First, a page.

Put the “Walker“ on
At what point in time surgery is performed is certainly dependent on the condition of the soft tissue. That condition is always most favorable during the first 6 hours after trauma. We undertake definitive treatment of Weber type B fractures immediately, whenever possible. Significantly displaced fractures, especially dislocated fractures, are not only promptly reduced but treated as an emergency at any time, day or night; the earlier the treatment, the better the outcome, this also holds true for B fractures. The swelling in poorly reduced and retained fractures hardly ever subsides adequately. Where soft tissue conditions are unfavorable, we use an external fixator until the swelling has disappeared completely; however, the outcome is still not as one would like it to be.
“The prophylactic administration of antibiotics before surgery is standard procedure“, it reads in the article. Here, the authors cite the AWMF guideline no. 029–022 as reference. However, this is a S1 guideline published in January 2012, not on May 10, 2014, as stated under References. Perioperative antibiotic prophylaxis (PAP) is only a “can” recommendation, not a “should” recommendation. As any uncritical use of antibiotics, uncritical PAP facilitates the development of resistant pathogens.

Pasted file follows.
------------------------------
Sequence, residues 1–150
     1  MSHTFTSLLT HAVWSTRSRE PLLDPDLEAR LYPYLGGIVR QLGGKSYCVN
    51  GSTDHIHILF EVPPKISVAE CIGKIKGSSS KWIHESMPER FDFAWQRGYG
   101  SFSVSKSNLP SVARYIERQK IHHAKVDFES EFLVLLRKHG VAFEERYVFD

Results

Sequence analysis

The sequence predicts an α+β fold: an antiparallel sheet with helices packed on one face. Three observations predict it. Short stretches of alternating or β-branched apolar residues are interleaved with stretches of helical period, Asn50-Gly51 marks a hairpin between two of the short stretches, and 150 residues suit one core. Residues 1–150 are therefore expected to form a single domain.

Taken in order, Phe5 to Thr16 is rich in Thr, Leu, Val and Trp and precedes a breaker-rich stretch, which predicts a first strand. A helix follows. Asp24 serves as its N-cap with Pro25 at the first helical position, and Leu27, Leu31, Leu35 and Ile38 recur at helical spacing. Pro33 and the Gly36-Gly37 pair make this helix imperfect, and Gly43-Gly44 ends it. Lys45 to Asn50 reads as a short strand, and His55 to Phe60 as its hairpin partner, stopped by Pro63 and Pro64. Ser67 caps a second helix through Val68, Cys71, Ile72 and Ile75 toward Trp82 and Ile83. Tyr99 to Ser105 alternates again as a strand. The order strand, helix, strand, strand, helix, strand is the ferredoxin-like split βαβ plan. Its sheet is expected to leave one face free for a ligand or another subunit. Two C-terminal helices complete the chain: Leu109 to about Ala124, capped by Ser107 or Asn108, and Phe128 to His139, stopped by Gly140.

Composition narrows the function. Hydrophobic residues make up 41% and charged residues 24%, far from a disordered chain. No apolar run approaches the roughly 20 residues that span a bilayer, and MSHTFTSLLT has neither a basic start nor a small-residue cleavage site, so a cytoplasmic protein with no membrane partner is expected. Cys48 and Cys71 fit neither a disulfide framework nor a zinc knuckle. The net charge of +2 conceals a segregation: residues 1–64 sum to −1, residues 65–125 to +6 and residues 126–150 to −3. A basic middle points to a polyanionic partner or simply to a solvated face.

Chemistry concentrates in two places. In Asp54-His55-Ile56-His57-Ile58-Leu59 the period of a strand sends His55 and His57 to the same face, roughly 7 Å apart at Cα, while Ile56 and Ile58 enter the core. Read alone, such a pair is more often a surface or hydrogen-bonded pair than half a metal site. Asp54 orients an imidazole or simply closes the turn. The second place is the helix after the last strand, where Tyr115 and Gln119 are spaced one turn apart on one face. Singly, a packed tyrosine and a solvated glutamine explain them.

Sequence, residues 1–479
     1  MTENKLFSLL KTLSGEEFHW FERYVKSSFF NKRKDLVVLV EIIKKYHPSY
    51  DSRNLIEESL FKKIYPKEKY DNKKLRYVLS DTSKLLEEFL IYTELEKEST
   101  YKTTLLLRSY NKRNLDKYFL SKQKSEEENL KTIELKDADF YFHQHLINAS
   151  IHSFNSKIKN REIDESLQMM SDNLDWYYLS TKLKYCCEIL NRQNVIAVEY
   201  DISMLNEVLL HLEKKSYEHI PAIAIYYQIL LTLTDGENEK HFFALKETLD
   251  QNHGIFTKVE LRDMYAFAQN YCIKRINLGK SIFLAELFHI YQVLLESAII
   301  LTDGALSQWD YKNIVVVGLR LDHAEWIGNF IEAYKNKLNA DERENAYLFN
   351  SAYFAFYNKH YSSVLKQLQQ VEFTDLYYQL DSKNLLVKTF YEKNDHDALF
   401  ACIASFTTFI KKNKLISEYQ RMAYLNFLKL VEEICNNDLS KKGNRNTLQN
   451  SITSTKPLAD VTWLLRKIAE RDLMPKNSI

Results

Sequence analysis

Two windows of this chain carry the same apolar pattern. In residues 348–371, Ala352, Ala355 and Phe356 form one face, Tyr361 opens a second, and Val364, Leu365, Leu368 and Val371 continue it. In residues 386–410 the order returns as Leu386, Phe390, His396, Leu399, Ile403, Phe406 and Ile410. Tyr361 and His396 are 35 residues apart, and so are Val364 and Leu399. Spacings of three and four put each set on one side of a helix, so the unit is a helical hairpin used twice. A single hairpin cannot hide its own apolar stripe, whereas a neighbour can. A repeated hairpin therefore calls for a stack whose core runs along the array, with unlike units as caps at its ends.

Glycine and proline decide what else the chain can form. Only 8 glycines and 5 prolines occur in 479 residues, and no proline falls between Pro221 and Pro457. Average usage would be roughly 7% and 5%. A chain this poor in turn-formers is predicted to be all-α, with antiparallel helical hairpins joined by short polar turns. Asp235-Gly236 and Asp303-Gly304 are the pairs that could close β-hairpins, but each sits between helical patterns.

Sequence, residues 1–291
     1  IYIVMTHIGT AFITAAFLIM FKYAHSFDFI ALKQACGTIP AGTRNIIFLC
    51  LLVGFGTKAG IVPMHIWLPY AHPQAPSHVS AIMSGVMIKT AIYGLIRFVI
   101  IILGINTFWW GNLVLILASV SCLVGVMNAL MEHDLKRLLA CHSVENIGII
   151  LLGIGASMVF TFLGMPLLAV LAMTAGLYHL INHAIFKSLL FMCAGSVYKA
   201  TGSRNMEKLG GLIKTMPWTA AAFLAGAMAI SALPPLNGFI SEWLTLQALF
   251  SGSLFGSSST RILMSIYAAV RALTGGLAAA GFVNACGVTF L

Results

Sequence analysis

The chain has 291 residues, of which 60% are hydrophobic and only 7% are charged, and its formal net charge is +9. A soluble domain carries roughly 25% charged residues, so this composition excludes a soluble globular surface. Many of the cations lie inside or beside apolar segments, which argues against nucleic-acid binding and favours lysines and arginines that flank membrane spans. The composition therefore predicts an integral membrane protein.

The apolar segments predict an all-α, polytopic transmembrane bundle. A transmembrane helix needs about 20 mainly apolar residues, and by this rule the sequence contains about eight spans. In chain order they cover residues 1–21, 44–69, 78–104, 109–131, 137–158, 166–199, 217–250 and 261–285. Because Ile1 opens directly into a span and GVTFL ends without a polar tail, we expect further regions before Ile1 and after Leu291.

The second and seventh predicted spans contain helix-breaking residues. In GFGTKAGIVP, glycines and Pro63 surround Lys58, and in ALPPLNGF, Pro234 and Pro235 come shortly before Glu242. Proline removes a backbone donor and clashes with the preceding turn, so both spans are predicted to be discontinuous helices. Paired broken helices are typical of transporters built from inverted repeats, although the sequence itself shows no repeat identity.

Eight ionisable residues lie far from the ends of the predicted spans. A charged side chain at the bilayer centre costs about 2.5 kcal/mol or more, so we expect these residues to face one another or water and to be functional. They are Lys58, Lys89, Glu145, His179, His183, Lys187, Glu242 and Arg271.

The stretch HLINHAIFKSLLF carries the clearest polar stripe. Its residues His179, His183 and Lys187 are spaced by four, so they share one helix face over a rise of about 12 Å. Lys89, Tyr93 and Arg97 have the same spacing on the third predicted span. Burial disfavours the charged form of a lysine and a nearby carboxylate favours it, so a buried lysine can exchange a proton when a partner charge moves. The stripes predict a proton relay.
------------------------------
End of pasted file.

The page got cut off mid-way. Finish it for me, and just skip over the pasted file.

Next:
We always place the one-third tubular plate in a dorsolateral position. This plate is not pre-bent; when screws are inserted starting at the cranial end and advancing successively towards the caudal end, it acts like a leaf spring due to the fibula’s concave profile in this area, resulting in compression and fixation of the fracture. This osteosynthesis is more stable than the outcome achieved with the neutralization plate.
Following surgical treatment, we fit a so-called “walker“ (VACO-ped), as it enables early weight-bearing, at least with type B fracture (with type A fractures, it does so anyway). We allow full weight-bearing after one week with the VACO-Ped. For physiotherapy and skin care sessions, the walker is taken off. Its costs are more than offset by savings resulting from the lowered risk of thrombosis, the prevention of atrophy, and the fact that patients can be mobilized, which is of special importance in older patients. The only point still discussed controversially in our department is weight-bearing with the fitted walker in patients with type C fracture.
|1.||Goost H, Wimmer MD, Barg A, Kabir K, Valderrabano V, Burger C: Fractures of the ankle joint—investigation and treatment options VOLLTEXT|